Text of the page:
Friday, November 21, 2014

Kick First...Ask Questions Later

As a farmer, living in the heart of Ag country, "In the Land of Black Cows", as it were… 
 …I have an embarrassing admission to make.

Black cows freak me out. 

Well, okay, it’s not that bad.  It’s not debilitating or anything…and it’s not like I have a lot of personal contact with cows anymore anyway. But, it is somewhat embarrassing.

And, it's not steers, not bulls.  Just black COWS.

These “issues” go back to my childhood. 

The summer I was six Dad had a bunch of stocker calves that he kept in the field between the house and the barn.  (stocker calves are generally weaned calves somewhere between 300 and 500 pounds…honestly, these seemed WAY bigger) Since I was always looking forward to an opportunity to go to the barn, I wandered through the calves fairly often.  Most of them didn’t even notice me. 

Except this big heifer with the eartag #566. 

She was big. She was frightening.  …and she wouldn’t leave me alone.

She would walk along behind me, her breath hot on my bare legs.  She would snort and toss her head, and I would flee pell-mell for the barn.  (or back to the house)  She didn’t do this to any other family members.  Maybe it was my red hair.  Maybe she knew I was scared. It was suggested that I call her bluff.  Maybe she was just playing. (oh yeah, right)  I was pretty sure she was just evil. (after all those Sunday mornings in church, I was convinced her tag number should have been 666…the mark of the beast) It got to be a real pain to go to the barn.

One day things got really scary.

I don’t know if she was hungry, in heat…or just in a REALLY bad mood.  She bellowed and charged me.  I flipped out and started running and running.  And screaming.  She chased me clear to the bottom end of the property where I reached the creek.  I leaped across and cringed next to the fence in fear of what would happen next.   She just stood there, bellowing angrily at me from the other side. Certain that she would jump the creek as well, I must have closed my eyes in terror, because I remember opening my eyes to two faces. Alongside the evil, angry, bellowing cow was my equally angry mother puffing from the exertion of tearing down the hill after the two of us.  I don’t remember what my mother said, but it wasn’t pretty.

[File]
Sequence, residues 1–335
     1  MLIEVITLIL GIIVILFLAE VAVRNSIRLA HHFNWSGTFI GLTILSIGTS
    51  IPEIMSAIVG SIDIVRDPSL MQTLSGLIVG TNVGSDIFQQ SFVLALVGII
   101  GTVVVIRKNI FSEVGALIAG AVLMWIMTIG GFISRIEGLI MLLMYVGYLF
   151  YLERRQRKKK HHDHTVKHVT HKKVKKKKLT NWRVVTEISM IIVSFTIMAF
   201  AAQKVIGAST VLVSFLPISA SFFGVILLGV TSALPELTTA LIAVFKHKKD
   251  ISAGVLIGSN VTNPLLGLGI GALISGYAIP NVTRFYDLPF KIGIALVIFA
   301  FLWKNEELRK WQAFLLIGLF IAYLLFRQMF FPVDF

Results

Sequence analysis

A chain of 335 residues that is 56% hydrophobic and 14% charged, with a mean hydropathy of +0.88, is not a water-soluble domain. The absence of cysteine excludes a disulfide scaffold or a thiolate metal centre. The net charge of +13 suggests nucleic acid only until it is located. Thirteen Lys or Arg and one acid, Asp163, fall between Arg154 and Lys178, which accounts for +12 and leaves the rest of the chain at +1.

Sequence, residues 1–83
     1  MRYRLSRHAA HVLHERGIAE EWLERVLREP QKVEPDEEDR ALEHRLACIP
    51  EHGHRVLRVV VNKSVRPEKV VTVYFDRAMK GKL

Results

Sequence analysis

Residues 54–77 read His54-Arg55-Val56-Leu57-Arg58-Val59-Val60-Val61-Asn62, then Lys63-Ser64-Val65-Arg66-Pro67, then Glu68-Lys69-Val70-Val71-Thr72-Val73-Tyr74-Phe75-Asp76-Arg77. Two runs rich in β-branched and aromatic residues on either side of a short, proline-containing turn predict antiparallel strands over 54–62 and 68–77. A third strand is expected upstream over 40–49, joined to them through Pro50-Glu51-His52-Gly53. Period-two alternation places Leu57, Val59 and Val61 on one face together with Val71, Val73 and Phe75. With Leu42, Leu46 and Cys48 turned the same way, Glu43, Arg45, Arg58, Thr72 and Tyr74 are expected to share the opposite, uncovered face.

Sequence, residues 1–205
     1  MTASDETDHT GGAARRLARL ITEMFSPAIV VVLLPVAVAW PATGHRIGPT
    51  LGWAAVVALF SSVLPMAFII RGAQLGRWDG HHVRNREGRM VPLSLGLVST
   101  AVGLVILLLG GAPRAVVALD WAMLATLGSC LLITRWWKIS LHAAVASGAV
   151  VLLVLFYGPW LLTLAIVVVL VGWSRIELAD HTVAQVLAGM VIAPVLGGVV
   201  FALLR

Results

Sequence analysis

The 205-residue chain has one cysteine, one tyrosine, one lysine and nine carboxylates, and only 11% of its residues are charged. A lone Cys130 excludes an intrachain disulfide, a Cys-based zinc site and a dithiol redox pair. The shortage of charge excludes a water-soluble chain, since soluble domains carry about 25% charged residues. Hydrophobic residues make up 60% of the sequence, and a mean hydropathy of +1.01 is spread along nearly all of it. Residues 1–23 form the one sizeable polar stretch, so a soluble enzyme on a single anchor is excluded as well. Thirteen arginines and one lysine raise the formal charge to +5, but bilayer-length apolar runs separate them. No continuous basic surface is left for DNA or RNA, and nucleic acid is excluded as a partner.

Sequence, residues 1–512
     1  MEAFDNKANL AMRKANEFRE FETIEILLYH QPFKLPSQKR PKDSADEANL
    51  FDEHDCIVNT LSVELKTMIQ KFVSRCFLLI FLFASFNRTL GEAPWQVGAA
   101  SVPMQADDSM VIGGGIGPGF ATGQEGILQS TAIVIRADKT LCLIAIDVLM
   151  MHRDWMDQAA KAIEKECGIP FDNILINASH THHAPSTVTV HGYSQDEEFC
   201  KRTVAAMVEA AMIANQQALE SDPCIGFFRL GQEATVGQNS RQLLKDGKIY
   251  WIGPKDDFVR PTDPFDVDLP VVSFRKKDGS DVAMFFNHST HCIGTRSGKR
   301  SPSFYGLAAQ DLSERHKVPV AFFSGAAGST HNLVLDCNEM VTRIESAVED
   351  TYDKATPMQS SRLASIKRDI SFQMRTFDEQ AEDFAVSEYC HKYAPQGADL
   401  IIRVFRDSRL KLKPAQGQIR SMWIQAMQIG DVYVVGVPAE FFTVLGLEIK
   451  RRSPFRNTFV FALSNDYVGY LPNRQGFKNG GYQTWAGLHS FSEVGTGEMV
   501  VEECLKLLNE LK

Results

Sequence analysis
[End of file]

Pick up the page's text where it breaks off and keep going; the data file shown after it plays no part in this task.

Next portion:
…and that was the end of my trips to the barn for a while.

I was really glad when that heifer ended up leaving for the stockyard. (although it would have been sweet revenge to have eaten her, I must admit)

Until we moved to the Valley, we didn’t have any opportunity to wander with cows, black or otherwise. But, if you’re going to have milk and eat beef, you need cows. 

My milk cows were always the beautiful brown-eyed Jersey girls, and they were more like pets than farm animals. No worries walking with them.  Ever. You can read about the Jerseys Here. But, without the option of AI-ing the cows, we used the neighbors’ Angus bulls on occasion. 

That meant the calves eventually turned black.  …and I found that I really do have an issue with black cows. Which makes the next part of this story somewhat ludicrous…